In recent decades Washington has seen an alarming rise in the number of “revolving door lobbyists”—politicians and officials cashing in on their government experience to become influence peddlers on K Street. These lobbyists, popular wisdom suggests, sell access to the highest bidder. Revolving Door Lobbying tells a different, more nuanced story. As an insider interviewed in the book observes, where the general public has the “impression that lobbyists actually get things done, I would say 90 percent of what lobbyists do is prevent harm to their client from the government.”

Drawing on extensive new data on lobbyists’ biographies and interviews with dozens of experts, authors Timothy M. LaPira and Herschel F. Thomas establish the facts of the revolving door phenomenon—facts that suggest that, contrary to widespread assumptions about insider access, special interests hire these lobbyists as political insurance against an increasingly dysfunctional, unpredictable government. With their insider experience, revolving door lobbyists offer insight into the political process, irrespective of their connections to current policymakers. What they provide to their clients is useful and marketable political risk-reduction. Exploring this claim, LaPira and Thomas present a systematic analysis of who revolving door lobbyists are, how they differ from other lobbyists, what interests they represent, and how they seek to influence public policy.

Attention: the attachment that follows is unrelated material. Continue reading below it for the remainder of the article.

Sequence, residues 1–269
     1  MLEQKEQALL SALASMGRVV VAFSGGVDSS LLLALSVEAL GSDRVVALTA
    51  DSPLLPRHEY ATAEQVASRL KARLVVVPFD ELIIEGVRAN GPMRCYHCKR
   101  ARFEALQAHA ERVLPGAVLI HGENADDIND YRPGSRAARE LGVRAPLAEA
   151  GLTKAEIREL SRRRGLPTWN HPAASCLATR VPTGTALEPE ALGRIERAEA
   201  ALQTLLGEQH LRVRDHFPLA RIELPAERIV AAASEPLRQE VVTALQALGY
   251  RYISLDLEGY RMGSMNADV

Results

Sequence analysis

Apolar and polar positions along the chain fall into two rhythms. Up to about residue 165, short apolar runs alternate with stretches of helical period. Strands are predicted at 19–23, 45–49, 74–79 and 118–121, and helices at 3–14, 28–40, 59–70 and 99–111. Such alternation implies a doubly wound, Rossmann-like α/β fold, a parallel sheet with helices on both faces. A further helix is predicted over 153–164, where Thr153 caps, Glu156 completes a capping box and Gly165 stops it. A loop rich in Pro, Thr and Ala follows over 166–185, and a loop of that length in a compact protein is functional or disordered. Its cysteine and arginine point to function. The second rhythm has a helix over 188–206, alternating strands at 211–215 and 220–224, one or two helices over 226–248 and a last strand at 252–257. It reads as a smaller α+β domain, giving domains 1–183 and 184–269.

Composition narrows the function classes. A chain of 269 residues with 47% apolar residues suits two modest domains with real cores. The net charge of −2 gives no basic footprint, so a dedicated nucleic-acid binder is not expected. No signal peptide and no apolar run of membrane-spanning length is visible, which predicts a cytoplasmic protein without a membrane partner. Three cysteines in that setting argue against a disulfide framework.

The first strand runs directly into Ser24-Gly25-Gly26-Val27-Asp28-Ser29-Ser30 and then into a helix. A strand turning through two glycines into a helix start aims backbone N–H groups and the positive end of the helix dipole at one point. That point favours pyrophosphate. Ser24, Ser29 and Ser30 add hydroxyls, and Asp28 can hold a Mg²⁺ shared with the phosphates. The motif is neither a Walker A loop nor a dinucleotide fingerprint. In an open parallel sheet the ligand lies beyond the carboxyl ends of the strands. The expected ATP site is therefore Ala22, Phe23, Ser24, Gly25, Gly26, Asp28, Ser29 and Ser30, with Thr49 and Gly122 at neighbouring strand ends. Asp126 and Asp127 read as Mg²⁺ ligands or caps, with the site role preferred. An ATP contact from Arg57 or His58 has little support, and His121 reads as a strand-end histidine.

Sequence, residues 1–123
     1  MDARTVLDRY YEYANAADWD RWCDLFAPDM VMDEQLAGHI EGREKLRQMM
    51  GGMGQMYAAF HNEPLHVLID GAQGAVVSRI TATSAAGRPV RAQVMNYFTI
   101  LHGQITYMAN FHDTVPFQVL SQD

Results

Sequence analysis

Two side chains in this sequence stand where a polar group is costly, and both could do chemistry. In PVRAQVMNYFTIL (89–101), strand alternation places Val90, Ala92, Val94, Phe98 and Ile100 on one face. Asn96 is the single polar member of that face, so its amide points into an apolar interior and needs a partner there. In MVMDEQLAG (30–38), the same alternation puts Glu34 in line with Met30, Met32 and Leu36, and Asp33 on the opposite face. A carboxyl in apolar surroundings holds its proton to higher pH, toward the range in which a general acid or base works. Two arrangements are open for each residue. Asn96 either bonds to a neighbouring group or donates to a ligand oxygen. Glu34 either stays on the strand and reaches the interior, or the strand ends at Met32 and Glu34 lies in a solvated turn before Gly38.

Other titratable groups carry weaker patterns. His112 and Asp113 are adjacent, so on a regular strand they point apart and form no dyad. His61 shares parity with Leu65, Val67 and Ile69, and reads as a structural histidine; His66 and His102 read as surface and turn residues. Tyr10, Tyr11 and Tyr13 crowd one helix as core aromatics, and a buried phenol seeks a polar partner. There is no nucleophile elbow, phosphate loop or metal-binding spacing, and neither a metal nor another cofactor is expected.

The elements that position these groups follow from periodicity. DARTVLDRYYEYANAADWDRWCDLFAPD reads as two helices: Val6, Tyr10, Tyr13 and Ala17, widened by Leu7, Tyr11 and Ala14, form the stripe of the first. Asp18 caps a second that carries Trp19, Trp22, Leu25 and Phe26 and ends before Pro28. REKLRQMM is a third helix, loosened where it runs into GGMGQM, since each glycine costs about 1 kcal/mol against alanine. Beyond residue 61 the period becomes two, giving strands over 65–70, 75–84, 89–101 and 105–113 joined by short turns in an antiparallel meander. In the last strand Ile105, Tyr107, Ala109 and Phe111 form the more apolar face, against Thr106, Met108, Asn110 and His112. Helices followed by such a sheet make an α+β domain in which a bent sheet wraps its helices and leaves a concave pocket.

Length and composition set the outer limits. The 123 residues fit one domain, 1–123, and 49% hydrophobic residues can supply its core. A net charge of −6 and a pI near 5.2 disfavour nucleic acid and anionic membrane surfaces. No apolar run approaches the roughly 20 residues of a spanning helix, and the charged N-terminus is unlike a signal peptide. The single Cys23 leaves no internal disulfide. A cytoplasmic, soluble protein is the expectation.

The first book to marshal comprehensive evidence of revolving door lobbying, LaPira and Thomas revise the notion that lobbyists are inherently and institutionally corrupt. Rather, the authors draw a complex and sobering picture of the revolving door as a consequence of the eroding capacity of government to solve the publics problems.

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